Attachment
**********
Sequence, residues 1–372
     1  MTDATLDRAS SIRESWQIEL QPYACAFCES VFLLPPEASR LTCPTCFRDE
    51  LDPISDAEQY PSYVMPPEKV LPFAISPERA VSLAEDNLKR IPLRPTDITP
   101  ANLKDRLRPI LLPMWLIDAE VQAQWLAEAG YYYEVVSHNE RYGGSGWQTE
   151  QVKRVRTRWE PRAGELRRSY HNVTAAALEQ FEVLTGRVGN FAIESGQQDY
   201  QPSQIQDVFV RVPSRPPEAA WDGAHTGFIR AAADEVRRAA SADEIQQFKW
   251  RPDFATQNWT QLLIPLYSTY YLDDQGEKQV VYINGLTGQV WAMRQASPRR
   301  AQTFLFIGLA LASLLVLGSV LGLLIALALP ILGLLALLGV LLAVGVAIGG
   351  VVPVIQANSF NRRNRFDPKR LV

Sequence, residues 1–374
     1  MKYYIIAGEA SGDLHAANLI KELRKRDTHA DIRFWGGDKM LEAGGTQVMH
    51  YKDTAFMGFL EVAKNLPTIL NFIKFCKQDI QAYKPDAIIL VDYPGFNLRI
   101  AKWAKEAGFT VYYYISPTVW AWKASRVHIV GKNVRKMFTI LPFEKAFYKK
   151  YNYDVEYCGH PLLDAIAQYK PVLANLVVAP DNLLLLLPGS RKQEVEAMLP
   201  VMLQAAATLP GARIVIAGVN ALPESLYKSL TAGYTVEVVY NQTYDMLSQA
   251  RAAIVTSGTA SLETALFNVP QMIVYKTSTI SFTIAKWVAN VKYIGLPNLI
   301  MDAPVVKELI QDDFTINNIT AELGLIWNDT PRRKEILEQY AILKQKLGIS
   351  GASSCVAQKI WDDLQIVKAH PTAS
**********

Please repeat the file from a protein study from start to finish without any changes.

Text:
Sequence, residues 1–372
     1  MTDATLDRAS SIRESWQIEL QPYACAFCES VFLLPPEASR LTCPTCFRDE
    51  LDPISDAEQY PSYVMPPEKV LPFAISPERA VSLAEDNLKR IPLRPTDITP
   101  ANLKDRLRPI LLPMWLIDAE VQAQWLAEAG YYYEVVSHNE RYGGSGWQTE
   151  QVKRVRTRWE PRAGELRRSY HNVTAAALEQ FEVLTGRVGN FAIESGQQDY
   201  QPSQIQDVFV RVPSRPPEAA WDGAHTGFIR AAADEVRRAA SADEIQQFKW
   251  RPDFATQNWT QLLIPLYSTY YLDDQGEKQV VYINGLTGQV WAMRQASPRR
   301  AQTFLFIGLA LASLLVLGSV LGLLIALALP ILGLLALLGV LLAVGVAIGG
   351  VVPVIQANSF NRRNRFDPKR LV

Sequence, residues 1–374
     1  MKYYIIAGEA SGDLHAANLI KELRKRDTHA DIRFWGGDKM LEAGGTQVMH
    51  YKDTAFMGFL EVAKNLPTIL NFIKFCKQDI QAYKPDAIIL VDYPGFNLRI
   101  AKWAKEAGFT VYYYISPTVW AWKASRVHIV GKNVRKMFTI LPFEKAFYKK
   151  YNYDVEYCGH PLLDAIAQYK PVLANLVVAP DNLLLLLPGS RKQEVEAMLP
   201  VMLQAAATLP GARIVIAGVN ALPESLYKSL TAGYTVEVVY NQTYDMLSQA
   251  RAAIVTSGTA SLETALFNVP QMIVYKTSTI SFTIAKWVAN VKYIGLPNLI
   301  MDAPVVKELI QDDFTINNIT AELGLIWNDT PRRKEILEQY AILKQKLGIS
   351  GASSCVAQKI WDDLQIVKAH PTAS